The decline of socialism and the rise of the welfare state
Labor unions and employment
Taxation and redistribution
The monetary framework
Housing and town planning
Agriculture and natural resources
Education and research
Postscript: why I am not a conservative.
From the $700 billion bailout of the banking industry to president Barack Obama's $787 billion stimulus package to the highly controversial passage of federal health-care reform, conservatives and concerned citizens alike have grown increasingly fearful of big government. Enter Nobel Prize-winning economist and political theorist F. A. Hayek, whose passionate warning against empowering states with greater economic control, "The Road to Serfdom, " became an overnight sensation last summer when it was endorsed by Glenn Beck. The book has since sold over 150,000 copies. The latest entry in the University of Chicago Press's series of newly edited editions of Hayek's works, "The Constitution of Liberty" is, like "Serfdom, " just as relevant to our present moment. The book is considered Hayek's classic statement on the ideals of freedom and liberty, ideals that he believes have guided--and must continue to guide--the growth of Western civilization. Here Hayek defends the principles of a free society, casting a skeptical eye on the growth of the welfare state and examining the challenges to freedom posed by an ever expanding government--as well as its corrosive effect on the creation, preservation, and utilization of knowledge. In opposition to those who call for the state to play a greater role in society, Hayek puts forward a nuanced argument for prudence. Guided by this quality, he elegantly demonstrates that a free market system in a democratic polity--under the rule of law and with strong constitutional protections of individual rights--represents the best chance for the continuing existence of liberty. Striking a balance between skepticism and hope, Hayek's profound insights are timelier and more welcome than ever before. This definitive edition of "The Constitution of Liberty" will give a new generation the opportunity to learn from his enduring wisdom. (source: Nielsen Book Data)
Originally published in 1960, The Constitution of Liberty delineates and defends the principles of a free society and traces the origin, rise, and decline of the rule of law. Casting a skeptical eye on the growth of the welfare state, Hayek examines the challenges to freedom posed by an ever expanding government as well as its corrosive effect on the creation, preservation, and utilization of knowledge. In distinction to those who confidently call for the state to play a greater role in society, Hayek puts forward a nuanced argument for prudence. Guided by this quality, he elegantly demonstrates that a free market system in a democratic polity-under the rule of law and with strong constitutional protections of individual rights-represents the best chance for the continuing existence of liberty. Striking a balance between skepticism and hope, Hayek's profound insights remain strikingly vital half a century on. This definitive edition of The Constitution of Liberty will give a new generation the opportunity to learn from Hayek's enduring wisdom. (source: Nielsen Book Data)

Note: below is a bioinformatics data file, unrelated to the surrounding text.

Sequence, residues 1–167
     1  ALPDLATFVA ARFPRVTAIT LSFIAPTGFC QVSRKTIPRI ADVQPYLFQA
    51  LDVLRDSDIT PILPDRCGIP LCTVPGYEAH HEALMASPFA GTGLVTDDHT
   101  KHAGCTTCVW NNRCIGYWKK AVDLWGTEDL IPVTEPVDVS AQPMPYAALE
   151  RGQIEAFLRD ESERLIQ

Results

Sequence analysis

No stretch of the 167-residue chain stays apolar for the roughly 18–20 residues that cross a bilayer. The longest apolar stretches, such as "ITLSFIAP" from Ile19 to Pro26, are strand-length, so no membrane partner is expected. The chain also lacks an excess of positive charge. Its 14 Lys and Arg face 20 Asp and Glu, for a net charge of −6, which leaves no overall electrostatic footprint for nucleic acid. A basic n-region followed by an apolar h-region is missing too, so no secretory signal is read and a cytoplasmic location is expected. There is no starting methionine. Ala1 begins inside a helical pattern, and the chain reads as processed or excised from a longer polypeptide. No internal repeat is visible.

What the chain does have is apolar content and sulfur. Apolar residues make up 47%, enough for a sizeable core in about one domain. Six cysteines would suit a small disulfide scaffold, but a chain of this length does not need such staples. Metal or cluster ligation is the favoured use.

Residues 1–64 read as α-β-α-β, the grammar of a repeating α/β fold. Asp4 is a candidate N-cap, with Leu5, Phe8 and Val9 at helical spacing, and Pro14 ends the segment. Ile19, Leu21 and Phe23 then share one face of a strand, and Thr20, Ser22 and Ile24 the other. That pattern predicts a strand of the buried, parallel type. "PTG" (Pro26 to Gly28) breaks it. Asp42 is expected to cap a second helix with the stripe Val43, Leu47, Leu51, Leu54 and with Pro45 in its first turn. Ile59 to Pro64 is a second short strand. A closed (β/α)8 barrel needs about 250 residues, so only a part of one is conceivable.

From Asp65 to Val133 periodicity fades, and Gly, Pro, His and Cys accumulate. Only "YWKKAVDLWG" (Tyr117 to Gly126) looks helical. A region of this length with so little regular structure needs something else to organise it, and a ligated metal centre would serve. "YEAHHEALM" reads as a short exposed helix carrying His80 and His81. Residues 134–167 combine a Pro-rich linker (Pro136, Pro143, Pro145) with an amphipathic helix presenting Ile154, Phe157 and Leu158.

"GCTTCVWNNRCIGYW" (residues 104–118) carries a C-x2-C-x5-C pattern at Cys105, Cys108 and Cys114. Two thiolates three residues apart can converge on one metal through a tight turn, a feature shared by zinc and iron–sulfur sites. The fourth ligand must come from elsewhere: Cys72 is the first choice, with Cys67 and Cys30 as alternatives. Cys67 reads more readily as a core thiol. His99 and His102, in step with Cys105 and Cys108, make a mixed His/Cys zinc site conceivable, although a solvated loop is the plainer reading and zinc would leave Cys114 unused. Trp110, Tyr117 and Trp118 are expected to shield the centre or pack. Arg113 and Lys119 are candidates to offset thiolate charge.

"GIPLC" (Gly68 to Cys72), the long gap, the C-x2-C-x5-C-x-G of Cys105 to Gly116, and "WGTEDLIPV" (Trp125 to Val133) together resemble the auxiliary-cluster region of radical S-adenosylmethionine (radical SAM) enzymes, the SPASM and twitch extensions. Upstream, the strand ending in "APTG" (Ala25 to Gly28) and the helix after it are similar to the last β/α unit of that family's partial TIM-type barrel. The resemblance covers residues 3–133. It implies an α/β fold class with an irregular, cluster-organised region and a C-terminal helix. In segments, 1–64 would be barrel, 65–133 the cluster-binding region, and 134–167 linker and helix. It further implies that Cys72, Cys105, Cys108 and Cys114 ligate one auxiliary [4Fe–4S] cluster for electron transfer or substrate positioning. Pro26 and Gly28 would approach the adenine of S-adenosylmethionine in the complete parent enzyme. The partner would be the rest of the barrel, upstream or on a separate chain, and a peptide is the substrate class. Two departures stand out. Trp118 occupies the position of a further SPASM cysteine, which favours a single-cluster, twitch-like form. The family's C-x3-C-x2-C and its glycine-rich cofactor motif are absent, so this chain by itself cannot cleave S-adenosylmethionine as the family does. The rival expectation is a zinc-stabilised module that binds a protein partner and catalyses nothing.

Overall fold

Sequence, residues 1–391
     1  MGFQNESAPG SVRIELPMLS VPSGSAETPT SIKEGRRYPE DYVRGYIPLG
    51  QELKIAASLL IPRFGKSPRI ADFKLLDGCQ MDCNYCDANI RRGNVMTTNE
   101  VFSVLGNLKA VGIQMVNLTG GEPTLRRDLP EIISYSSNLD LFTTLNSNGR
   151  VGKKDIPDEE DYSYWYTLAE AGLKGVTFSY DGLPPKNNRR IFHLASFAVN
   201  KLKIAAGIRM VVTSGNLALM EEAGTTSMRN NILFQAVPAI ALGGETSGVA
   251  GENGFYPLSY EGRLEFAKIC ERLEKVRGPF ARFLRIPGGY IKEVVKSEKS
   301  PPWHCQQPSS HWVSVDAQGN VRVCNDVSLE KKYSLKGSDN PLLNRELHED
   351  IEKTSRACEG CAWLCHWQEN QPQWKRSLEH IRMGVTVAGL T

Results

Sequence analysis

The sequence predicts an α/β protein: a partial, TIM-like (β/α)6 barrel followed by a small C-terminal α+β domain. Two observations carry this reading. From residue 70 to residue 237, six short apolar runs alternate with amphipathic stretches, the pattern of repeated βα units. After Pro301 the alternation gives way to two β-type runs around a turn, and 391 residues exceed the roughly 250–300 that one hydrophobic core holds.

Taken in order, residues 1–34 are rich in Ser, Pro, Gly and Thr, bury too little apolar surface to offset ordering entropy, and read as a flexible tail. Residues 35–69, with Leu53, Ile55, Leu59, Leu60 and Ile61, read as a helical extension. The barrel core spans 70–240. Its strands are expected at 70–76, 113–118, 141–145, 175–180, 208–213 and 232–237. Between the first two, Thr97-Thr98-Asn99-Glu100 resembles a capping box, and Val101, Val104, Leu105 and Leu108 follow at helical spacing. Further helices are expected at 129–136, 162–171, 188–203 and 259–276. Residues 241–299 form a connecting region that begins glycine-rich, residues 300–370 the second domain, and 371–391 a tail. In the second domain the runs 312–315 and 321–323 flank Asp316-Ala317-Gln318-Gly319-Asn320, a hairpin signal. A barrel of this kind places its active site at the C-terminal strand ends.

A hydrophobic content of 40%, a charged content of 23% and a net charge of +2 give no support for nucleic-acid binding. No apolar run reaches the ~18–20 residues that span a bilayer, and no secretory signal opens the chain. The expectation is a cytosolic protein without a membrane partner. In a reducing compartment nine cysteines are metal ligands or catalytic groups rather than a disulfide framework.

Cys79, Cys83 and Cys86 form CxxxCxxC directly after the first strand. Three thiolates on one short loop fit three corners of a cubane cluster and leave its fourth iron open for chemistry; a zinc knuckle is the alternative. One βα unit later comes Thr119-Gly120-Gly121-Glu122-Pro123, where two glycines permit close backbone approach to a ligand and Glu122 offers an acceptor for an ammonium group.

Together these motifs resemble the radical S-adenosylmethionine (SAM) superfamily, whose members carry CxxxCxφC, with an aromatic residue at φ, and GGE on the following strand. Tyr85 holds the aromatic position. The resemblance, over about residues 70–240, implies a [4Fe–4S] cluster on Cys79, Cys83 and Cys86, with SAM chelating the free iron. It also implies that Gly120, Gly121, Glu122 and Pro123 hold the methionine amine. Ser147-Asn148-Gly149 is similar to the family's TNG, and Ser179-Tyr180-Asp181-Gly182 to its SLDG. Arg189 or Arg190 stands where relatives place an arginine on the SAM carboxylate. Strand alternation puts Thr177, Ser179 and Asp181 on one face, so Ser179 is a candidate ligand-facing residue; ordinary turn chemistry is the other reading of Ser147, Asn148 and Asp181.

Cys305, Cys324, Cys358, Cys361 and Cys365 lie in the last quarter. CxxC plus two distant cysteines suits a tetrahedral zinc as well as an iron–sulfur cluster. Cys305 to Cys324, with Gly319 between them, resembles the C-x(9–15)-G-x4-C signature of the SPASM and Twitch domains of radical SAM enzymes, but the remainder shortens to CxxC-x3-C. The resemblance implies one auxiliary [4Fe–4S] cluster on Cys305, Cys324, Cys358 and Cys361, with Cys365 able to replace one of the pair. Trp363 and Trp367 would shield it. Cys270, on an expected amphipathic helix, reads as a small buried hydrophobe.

As the international community debates the current conflict in Iraq, scholars and legal experts are re-examining lessons learned years ago. This volume includes discussions of the unlawfulness of the 1991 Iraqi invasion of Kuwait, the lawfulness of the international community response, and the Iraqi arguments made at the time against the military response. Topics covered include alternate enforcement mechanisms and maintaining peace and safety in the region. (source: Nielsen Book Data)
The elusive goal of the rule of law in South Korea / by Jongryn Mo
The constitution should not be tampered with / by Lee Hoi-Chang
Uneasy about rule of law : reconciling constitutionalism and "participatory democracy" / by Hahm Chaihark
The two tales of South Korean presidency : imperial but imperiled presidency / by Hoon Jaung
How does democracy reduce money politics? : competition versus the rule of law / by Jongryn Mo
The formulation of rule of law in corporate governance / by Joongi Kim
The rule of law and competition policy in Korea : transition from a developmental state to a market economy / by Wonhyuk Lim
Institutionalizing property rights in Korean capitalism : a case study on the listing of the Samsung life / by Sang-young Rhyu.
Expert contributors examine the challenges of fully implementing the rule of law in South Korea's fledgling democracy and market economy. The expert contributors detail the obstacles that must be overcome, such as corruption in politics and corporate governance and a deep-rooted cultural indifference to the rights of the individual, and offer suggestions on what can--and what should not--be done. (source: Nielsen Book Data)
Rome, Italy : NATO Defense College, Research Division, c2009.
Book — 86 p. ; 21 cm.
This paper provides an analysis of the ongoing stabilization and state-building process in Afghanistan with a focus on rule of law. The paper situates rule of law reform within the framework of the broader stabilization and state-building effort in Afghanistan. The authors analyze if and how the internationally supported and implemented strategies for rule of law reform are contributing to the promotion of rule of law in Afghanistan.